Nick Saban would like to see more parity in college football.
Yes, that’s Nick Saban, the guy who’s led Alabama to six national championships since 2009. That’s Nick Saban, who found his team within the SEC Championship game on a nearly yearly basis. Yes, this is the guy who thinks college football has a parity problem.
Saban originally made the comments to ESPN’s Paul Feinbaum in the professional areas Wednesday morning in Birmingham.
Saban said during the special edition of Paul Feinbaum Show. “Same scholarship, same academic support, whatever.
“I don’t think we have that balance right now that could affect the college football athletics parity in college as a whole. I know we have a lot of good people working on that, and I’m sure they’ll come up with a good solution for us.”
Beyond Alabama’s wins since making its way to Tuscaloosa in 2007 are the accomplishments of the Securities and Exchange Commission as a whole. SEC teams have dominated the college football scene, winning 12 national titles since 2006.
Saban also raised an issue with the increasing influence of Name, Image, and Similarity (NIL), which has been a hot topic of conversation – even in Congress – that is inappropriate. Saban emphasized that he was not against the Nile deal, but said it was wrong for the NIL to start dictating where a recruit first goes to school.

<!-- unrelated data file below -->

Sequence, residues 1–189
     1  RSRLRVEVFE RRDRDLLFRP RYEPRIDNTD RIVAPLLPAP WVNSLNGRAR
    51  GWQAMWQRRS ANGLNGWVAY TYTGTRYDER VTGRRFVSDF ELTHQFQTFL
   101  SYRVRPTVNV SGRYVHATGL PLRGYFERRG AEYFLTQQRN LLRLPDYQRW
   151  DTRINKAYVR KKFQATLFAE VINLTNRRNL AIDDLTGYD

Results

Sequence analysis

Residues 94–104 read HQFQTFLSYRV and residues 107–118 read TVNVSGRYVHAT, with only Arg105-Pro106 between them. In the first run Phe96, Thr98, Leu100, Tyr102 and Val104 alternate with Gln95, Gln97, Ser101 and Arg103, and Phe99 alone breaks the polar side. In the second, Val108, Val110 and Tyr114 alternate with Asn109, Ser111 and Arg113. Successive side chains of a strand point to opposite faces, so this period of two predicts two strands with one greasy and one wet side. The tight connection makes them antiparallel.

“I think a lot of people are critical of the NCAA, but because of a lot of laws that have been passed, the NCAA is really having a hard time — if they don’t get protection from litigation — even to enforce some of the rules that they have,” Saban said. “I think that’s where the transfer gate came from. People had to sit down, but everyone applied for a waiver. And if they don’t get a waiver, they file a case. In the end you just say enough, and you pass a rule that everyone can transfer whenever they can.”
“I think NIL is good for players. I don’t think – players should earn what they get, which our players did last year and they did a good job – but when you start making groups and pooling money to pay players and then talking about the impact on the players to go to school in terms of What will they get? [in NIL]I’m not sure that’s good for the game.”
New FanDuel Sportsbook users can make their first risk-free bet of up to $1,000. If the bet is lost, FanDuel Sportsbook will refund you the site credit. New users can lock this offer now by clicking this link.
Follow Nick Geddes on Twitter Tweet embed And on Instagram @nick.geddes.